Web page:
Irrationality and Anti-Americanism
One problem with Malaysians, as I overheard a biology lecturer telling his students, is that we are far too easily swayed by emotions, without rationally considering the issue at hand. Witness, for example, how we have reacted to cutbacks in government subsidies — an issue I dealt with in The People Are As Much to Blame As the Government one and a half years ago. Or look at the utter inability of opposition supporters to understand why boycotting elections will kill them, something I tackled in Boycotting Elections is A Road to Failure. Or the deification of Mahathir. Or international trade. Or evolution. The list really could go on and on forever. One issue, however, that really irks me in addition to these peeves, is the rabid anti-Americanism so prevalent in Malaysia and much of the rest of the world.
I have expressed my utter distaste for the policies of the present administration before. I think that George W. Bush has been one of the worst US Presidents, and is easily the worst in recent memory, perhaps rivalling Richard Nixon.
And even then, Nixon's personal perfidy at least did not seriously jeopardise America or the world. He manipulated the election, a serious offense, and later attempted to cover it up. But instead of starting wars, he ended them, and his policies did not do any lasting damage to the US (though some might argue that he significantly eroded American trust in their federal institutions).
What, on the other hand, has Bush done? He has infringed on the liberties of Americans, run an inefficient and ineffective domestic policy programme, and worst of all, squandered all the goodwill the world had towards America and Americans in the wake of 9/11.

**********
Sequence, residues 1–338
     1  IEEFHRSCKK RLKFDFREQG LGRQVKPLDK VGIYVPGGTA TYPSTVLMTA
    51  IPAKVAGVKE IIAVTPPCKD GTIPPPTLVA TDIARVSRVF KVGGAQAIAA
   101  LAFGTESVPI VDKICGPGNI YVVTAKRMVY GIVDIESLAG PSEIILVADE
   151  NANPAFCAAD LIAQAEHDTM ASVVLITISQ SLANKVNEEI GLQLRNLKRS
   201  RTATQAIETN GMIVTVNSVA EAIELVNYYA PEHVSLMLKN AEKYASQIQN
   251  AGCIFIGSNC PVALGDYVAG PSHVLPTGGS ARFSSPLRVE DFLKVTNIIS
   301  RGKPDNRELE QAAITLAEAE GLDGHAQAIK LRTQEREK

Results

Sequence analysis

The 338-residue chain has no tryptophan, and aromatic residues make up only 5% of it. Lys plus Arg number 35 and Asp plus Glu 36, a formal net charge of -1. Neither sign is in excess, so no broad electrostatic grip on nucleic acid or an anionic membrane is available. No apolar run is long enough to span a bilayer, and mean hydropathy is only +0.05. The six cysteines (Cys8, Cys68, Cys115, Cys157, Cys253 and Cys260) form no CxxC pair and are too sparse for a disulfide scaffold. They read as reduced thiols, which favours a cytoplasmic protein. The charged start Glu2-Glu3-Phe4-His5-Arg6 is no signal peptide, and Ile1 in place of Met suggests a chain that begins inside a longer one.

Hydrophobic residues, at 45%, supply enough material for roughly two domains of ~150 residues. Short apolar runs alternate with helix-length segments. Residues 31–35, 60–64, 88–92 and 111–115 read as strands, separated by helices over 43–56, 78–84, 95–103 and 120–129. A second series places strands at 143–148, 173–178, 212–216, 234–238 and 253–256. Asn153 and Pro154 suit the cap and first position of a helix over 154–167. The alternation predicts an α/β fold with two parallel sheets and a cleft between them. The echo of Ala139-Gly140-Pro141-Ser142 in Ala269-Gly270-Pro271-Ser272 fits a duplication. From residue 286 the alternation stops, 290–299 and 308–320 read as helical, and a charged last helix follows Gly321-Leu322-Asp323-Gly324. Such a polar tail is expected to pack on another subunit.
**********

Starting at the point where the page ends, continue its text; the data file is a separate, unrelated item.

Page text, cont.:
It wasn't so long ago that the people of the world were proud to proclaim that "we are all Americans". Today, many of us wouldn't be caught dead being associated with America. It's very safe to say that Bush has done great damage to America's international standing that may take generations to repair.
But this is simply no excuse for the world to hate Americans. It's one thing to launch into a tirade against American policies. It's another to assume that all Americans share their government's views or motives.
One thing I've found is that a lot of people have a fundamental mistrust of the American government's motives. Fair enough. The trouble is, they go on to assume that the American people share their government's alleged intention to spill "blood for oil".
These perceptions are simply totally unjustified. I've debated politics with many Americans from both sides of the political spectrum, and found that a very tiny fringe minority take a xenophobic or American supremacist view of foreign policy.
Rather, most Americans are like most people anywhere in the world — concerned about their country, and concerned about the world. The problem with Americans is not a lack of good intentions on their part. More often than not, the problem is their lack of information about the effects of their actions, and how they will be viewed by the world.
People often get caught up in an anti-American frenzy to the point that they mistrust Americans. It's fine to mistrust the American government, but the American people's motives are far more difficult to call into question. Many of them, for example, honestly believed they were doing Iraqis and the world a favour by invading Iraq. They were misled by their government, but at heart, they had the right intentions.
Unfortunately, people don't like to think. If we stopped to actually muse rationally about the situation, we'd see that Americans are not the bloodthirsty monsters you might think they are from reading some of the propaganda put out by activists in the third world. (As an aside, this seems to be one of the few times that the term "third world" can be used properly.)
It's important to distinguish between a government and a people. The two are not always the same. If you ever doubt this, just make a note of the fact that surveys indicate most Americans wish Bush's Presidency was over now. That says it all, I think.